A start-up boot camp by Singapore Press Holdings (SPH) has bolstered the local entrepreneurial scene, going by the response from investors and venture capital firms
The media company has developed 16 media, advertising and e-commerce innovations through the SPH Plug and Play (PnP) boot camp over the past 18 months.
The start-ups that developed the innovations will collectively raise over $6 million in follow-on funding, an indicator that the new businesses have potential.
The second batch of eight start- ups graduated last Friday and they are on target to raise about $3 million from angel investors and venture capitalists, said Mr Rudy Lim, who manages the SPH PnP boot camp, or accelerator in industry jargon. The first batch of eight start-ups that "graduated" last year raised over $3.6 million, including pocket tutor Snapask, which raised more than $2.5 million.
"The media landscape is in the midst of unprecedented rapid change. SPH needs to work with start-ups which have new ideas on how people are consuming media and using digital technologies. Some of these ideas may be useful to us too," said Mr Lim.
With its assets and experience, SPH can then support and accelerate their offerings in the market, he added.
Fresh start-up ideas
The SPH Plug and Play accelerator programme takes in eight start-ups in each batch. The latest "graduates" include:
Fixir (fixir.co) allows motorists to find the best quote for car repairs and the most conveniently located workshop.
It will announce on-demand services such as car valet and polishing services.
This portal combines a crowdfunding platform with a service to help craftsmen design, create prototypes and market items such as wallets, shoes and bags. Craftsmen submit their designs and Makerscut does the rest, from raising funds and production to logistics management and customer support. The portal is still being tested and the services are not open to public yet.
Optimate offers marketing-campaign automation and optimisation using artificial intelligence and machine learning. Its software targets customers by tracking how they interact with advertisements on websites. Insights gained from the data point to the success of the marketing campaigns.
This fashion portal helps women get rid of clothes they do not want. In the six months it has been in business, it has rung up $250,000 in revenue. Of the 40,000 items of "like new" clothing it has processed, it has sold more than 20,000.
Refash collects clothes from sellers and processes them, including snapping photos of each item before listing them on the website.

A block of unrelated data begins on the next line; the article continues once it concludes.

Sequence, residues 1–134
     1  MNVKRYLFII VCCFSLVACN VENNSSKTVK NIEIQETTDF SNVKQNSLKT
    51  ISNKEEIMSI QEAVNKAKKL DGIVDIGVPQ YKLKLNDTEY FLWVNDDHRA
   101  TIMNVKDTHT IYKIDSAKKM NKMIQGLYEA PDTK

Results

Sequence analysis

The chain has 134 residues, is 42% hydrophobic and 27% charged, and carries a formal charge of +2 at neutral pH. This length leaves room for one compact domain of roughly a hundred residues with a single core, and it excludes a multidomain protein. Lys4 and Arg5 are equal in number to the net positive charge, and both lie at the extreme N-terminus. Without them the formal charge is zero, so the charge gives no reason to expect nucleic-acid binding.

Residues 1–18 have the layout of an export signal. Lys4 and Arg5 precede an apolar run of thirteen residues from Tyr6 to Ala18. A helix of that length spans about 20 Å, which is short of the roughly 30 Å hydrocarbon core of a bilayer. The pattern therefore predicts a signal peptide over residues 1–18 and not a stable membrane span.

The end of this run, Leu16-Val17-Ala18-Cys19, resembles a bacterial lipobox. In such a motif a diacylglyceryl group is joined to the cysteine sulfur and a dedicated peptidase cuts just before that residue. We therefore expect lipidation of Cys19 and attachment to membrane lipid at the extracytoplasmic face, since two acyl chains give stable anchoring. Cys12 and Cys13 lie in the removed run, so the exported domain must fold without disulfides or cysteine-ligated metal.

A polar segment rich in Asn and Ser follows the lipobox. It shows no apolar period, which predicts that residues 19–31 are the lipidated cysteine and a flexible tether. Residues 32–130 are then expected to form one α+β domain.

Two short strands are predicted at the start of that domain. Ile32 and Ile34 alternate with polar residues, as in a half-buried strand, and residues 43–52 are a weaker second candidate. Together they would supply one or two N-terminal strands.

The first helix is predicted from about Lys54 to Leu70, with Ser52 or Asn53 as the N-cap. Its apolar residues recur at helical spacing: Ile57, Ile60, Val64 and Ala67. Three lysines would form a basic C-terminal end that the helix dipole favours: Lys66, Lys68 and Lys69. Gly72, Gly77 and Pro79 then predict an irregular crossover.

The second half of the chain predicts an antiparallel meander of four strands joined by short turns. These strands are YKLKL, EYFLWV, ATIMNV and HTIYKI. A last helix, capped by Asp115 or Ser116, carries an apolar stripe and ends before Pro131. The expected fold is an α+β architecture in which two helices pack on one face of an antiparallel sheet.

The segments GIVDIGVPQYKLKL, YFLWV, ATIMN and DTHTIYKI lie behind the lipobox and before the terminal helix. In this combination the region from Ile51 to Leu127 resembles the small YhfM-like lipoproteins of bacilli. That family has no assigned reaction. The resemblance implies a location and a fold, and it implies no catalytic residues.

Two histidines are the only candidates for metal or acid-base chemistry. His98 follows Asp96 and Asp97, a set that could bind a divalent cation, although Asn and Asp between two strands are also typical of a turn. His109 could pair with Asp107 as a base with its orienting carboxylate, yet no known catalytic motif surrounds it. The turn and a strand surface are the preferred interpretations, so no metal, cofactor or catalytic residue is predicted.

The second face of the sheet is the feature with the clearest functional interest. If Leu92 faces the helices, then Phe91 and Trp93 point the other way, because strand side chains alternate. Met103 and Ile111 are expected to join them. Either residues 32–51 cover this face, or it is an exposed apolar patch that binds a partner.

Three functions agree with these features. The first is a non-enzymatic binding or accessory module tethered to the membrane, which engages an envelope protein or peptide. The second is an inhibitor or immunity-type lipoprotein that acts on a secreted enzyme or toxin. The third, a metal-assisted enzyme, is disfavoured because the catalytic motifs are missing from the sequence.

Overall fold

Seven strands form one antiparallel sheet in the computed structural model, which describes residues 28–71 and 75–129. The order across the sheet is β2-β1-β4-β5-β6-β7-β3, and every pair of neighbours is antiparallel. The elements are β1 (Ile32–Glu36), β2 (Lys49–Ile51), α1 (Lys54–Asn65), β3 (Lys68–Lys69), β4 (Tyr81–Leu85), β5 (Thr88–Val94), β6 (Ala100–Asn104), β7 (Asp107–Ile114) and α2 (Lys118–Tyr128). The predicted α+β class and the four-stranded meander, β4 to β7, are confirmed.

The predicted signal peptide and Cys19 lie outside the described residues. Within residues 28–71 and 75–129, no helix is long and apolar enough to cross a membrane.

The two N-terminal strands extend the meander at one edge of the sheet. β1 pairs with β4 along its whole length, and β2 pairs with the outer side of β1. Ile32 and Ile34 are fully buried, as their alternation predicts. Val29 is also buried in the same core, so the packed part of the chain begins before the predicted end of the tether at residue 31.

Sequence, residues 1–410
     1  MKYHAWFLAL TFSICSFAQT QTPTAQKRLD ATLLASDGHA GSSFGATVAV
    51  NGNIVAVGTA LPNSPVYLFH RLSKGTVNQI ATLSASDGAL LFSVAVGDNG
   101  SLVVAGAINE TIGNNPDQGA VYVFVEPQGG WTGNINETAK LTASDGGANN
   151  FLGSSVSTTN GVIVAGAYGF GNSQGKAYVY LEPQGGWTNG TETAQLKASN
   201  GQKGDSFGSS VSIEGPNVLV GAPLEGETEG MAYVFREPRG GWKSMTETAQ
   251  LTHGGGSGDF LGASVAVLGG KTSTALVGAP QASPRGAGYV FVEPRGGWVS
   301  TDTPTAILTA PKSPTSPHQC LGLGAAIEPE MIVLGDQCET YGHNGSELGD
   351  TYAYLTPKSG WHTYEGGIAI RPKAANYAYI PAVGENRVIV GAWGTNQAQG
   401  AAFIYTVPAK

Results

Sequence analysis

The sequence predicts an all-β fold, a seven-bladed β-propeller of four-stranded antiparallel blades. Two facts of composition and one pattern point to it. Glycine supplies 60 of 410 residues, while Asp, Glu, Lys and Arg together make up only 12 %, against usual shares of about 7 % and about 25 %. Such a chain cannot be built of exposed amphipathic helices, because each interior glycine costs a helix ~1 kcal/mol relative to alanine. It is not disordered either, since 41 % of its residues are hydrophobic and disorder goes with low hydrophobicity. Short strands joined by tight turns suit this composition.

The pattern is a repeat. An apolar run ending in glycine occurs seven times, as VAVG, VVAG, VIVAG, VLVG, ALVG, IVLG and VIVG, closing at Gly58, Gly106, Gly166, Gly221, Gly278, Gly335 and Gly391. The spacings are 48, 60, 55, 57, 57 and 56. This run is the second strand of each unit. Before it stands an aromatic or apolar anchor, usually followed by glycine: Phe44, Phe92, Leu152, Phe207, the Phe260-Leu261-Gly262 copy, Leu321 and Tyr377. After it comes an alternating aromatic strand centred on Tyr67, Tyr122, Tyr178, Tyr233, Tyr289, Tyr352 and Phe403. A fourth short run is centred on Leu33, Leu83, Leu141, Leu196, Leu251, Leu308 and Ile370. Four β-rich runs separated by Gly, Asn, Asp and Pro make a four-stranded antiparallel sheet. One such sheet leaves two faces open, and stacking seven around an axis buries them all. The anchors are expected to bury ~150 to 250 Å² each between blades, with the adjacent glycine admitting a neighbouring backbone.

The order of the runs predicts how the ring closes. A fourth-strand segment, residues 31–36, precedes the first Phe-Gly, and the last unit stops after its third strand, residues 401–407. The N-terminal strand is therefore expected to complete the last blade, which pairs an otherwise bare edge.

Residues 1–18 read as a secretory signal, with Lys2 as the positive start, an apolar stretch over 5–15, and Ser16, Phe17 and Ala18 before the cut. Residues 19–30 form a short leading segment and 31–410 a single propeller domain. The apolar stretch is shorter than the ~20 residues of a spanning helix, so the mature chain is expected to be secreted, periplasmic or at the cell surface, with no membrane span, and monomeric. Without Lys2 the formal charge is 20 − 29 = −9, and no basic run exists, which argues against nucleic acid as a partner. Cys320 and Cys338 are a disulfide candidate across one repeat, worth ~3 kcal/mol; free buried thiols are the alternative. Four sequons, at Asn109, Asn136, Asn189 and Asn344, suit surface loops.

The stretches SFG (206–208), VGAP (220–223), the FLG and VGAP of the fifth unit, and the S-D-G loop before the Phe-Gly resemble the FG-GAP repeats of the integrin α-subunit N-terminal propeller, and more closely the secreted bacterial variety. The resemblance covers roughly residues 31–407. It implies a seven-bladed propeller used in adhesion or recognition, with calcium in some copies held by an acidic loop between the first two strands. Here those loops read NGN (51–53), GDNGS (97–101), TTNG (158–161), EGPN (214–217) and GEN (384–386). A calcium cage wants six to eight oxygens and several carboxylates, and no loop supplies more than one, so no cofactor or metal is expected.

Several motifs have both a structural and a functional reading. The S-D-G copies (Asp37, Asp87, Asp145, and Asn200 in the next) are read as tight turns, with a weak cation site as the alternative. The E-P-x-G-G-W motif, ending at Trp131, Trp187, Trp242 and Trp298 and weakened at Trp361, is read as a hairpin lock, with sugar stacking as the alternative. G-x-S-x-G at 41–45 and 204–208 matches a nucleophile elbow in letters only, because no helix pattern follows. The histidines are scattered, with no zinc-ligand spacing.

This is an application for on-demand home services, including facilities bookings and payments. It offers managers a way of managing the use of facilities, and residents the option of online bookings in real time.
It also provides facility managers with reports on usage, as well as easy tracking of payments undertaken online and offline.
Started last year, the SPH PnP programme is a joint venture between SPH, global accelerator Plug and Play from Silicon Valley, and Infocomm Investments (IIPL), the venture arm of the Infocomm Development Authority.
Participating start-ups receive $30,000 and go through a 12-week course where they receive guidance from experienced mentors and business leaders.
IIPL chief executive Alex Lin said the programme shows that SPH has the internal capabilities to develop good start-ups, and that it is part of a shift in the start-up ecosystem where the industry will play a greater role in developing start-ups.
"This trend is a strong encouragement for SPH PnP and ourselves to continue energising the Singapore economy through building more innovative start-ups together," said Dr Lin.
Mr Jupe Tan of Plug and Play said SPH plays an important role as it allows start-ups to learn from its experience and business.
"Investors provide funding but start-ups also need a place to pilot their products and technologies. Large corporations like telcos, banks and retailers should work with start-ups. Both will learn from this experience," said Mr Tan, who oversees international operations.
Working with large corporations also give the start-ups a chance to sell their new products and services to the corporations, he said, adding that his firm is interested in working with SPH to extend the accelerator concept to other industries and regional countries.
The people behind the start-ups agree that the SPH accelerator has helped refine their ideas and business models.
Co-founder Ivan Chang of software start-up Wondertech said he entered the programme with one idea and finished it with another.
"We had a technology that trawled the Web to pick up information based on names, places and organisations. Our mentors told us this idea would not bring in any revenue," he said.
The start-up changed its business strategy and used its expertise in natural language processing to develop a small programme that could be embedded in media websites to establish how long readers stayed on the sites. In its pilot trials, Wondertech discovered that the longer a reader stays, the higher the advertising revenue earned.
"SPH helped us learn the media business. We had discussions with its staff and it arranged for meetings with business mentors. This let us learn what we needed to succeed," said Mr Chang.
Mr Jeremy Lim of private tutor Snapask said that the SPH PnP accelerator provided a good network into schools so that it could understand what students needed from tuition.
Snapask was from the first batch of the accelerator programme last year. "Even though the programme has ended for us, the team at SPH is still actively seeking out business collaboration opportunities for us."